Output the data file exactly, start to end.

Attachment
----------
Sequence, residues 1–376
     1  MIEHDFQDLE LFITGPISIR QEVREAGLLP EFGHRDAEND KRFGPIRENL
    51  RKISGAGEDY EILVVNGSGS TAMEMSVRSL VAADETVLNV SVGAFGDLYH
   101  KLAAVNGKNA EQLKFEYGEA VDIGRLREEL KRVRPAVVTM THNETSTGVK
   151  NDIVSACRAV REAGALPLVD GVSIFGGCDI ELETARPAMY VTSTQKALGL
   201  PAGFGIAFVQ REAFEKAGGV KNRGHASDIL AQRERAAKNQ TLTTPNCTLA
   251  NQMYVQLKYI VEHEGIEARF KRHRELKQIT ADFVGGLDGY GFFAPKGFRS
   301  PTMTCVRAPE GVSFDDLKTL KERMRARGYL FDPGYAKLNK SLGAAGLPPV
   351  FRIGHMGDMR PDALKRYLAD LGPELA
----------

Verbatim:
Sequence, residues 1–376
     1  MIEHDFQDLE LFITGPISIR QEVREAGLLP EFGHRDAEND KRFGPIRENL
    51  RKISGAGEDY EILVVNGSGS TAMEMSVRSL VAADETVLNV SVGAFGDLYH
   101  KLAAVNGKNA EQLKFEYGEA VDIGRLREEL KRVRPAVVTM THNETSTGVK
   151  NDIVSACRAV REAGALPLVD GVSIFGGCDI ELETARPAMY VTSTQKALGL
   201  PAGFGIAFVQ REAFEKAGGV KNRGHASDIL AQRERAAKNQ TLTTPNCTLA
   251  NQMYVQLKYI VEHEGIEARF KRHRELKQIT ADFVGGLDGY GFFAPKGFRS
   301  PTMTCVRAPE GVSFDDLKTL KERMRARGYL FDPGYAKLNK SLGAAGLPPV
   351  FRIGHMGDMR PDALKRYLAD LGPELA